Incidentally, having dropped DSD for recording, Linn also didn’t bother implementing it on their streamers and even today only a few of their products can play DSD files, which does not include their top Exakt range.

I think the Sibelius/Sondergard from 2014 and the Kuniko/Xenakis from 2015 are my latest DSD Line releases, although I’m not sure they were recorded in DSD.

I think this is quite overstated. Any analog (or even PCM) master can be easily transferred to DSD, and DSD performs quite well in budget systems, being IMO more cost effective than polishing a PCM source.* You can play a DSD file from any number of portable players, software players and DACs. But yes, you can’t currently stream it.

*I find that 24/96 to 16/44.1 is a considerably more subtle difference that does require better playback equipment.

The reason you don’t see many DSD recordings is because if you want to eschew analog mixing and mastering, require lots of complex editing and DSP, and want to do it all within the computer, then DSD doesn’t work. You could totally record mix and master Hotel California exactly the same way with a DSD workstation at DSD256, but the industry is in a different paradigm now.

My other main point is that there is actually no reason to try and commit to one format or the other unless you are dead set on a particular incompatible piece of hardware or software. Just about every player, server, DAC, now supports DSD, so unless you are streaming only, I see no reason why records shouldn’t be recorded, sold and purchased in that format when possible.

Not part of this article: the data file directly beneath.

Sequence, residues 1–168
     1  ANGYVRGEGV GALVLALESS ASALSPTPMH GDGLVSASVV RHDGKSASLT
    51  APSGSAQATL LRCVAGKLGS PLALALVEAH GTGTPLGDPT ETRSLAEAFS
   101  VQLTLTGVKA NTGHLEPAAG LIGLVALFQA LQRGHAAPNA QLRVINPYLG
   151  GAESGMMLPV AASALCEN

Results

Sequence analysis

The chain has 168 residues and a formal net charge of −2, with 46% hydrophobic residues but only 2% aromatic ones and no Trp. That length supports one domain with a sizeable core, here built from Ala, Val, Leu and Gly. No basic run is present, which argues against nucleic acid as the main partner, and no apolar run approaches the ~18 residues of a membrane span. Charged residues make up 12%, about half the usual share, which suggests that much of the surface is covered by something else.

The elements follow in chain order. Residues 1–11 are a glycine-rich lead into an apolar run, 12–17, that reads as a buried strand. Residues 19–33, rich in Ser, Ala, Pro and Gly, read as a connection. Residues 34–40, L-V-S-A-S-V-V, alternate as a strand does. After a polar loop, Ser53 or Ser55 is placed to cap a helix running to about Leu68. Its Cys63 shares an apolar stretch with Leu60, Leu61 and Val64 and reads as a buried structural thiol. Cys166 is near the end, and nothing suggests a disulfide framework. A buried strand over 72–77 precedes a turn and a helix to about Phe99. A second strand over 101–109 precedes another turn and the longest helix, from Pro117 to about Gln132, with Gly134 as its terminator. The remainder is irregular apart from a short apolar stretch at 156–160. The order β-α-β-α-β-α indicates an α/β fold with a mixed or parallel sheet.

Once something is recorded in PCM, there is no point in converting it to DSD. It just doesn’t add anything.

I did say that DSD requires different engineering skills, you explain quite how extensive those are working with DSD.

The first DSD download I bought was a Bill Evans tape transfer as it was the easiest means of making a true DSD file and there was little if any chance it would have been mixed as PCM.

My Devialet Expert will convert a DSD file to PCM 24/192, but will not play native DSD. I was not dead set on that unit, I’d tried DSD before I bought it and decided I didn’t want to use native DSD, so the fact the unit did not play native DSD did not bother me.

As mentioned earlier, Linn, a significant and pioneering streaming manufacturer who own a record label that recorded in DSD, still decided largely not to adopt native DSD and some players cannot play a DSD file at all.

There is almost no need for anyone issuing DSD releases to release it in PCM as well. Most streamers can convert a DSD file to PCM, Linn is probably a rare exception and it may be possible to do it at the server.

I’ve been on Qobuz for years and I’ve mentioned before that they announced that they were working on streaming DSD, and even gave a potential start date, which I think was 1 October 2016. It never happened and they never said any more about it. That may have given it some traction, maybe not.

Whereas market forces have not been kind to DSD files, in my experience of various dCS players upsampling and DSD processing of PCM files can have great results, but I’ve not heard the PSA DSD DAC at any length.

@doitwithlife: As I think you can gather from the discussion, the answer to the question you pose with the thread is: Music. Really. Don’t worry about formats. But don’t try to play videos on the DS :stuck_out_tongue_closed_eyes: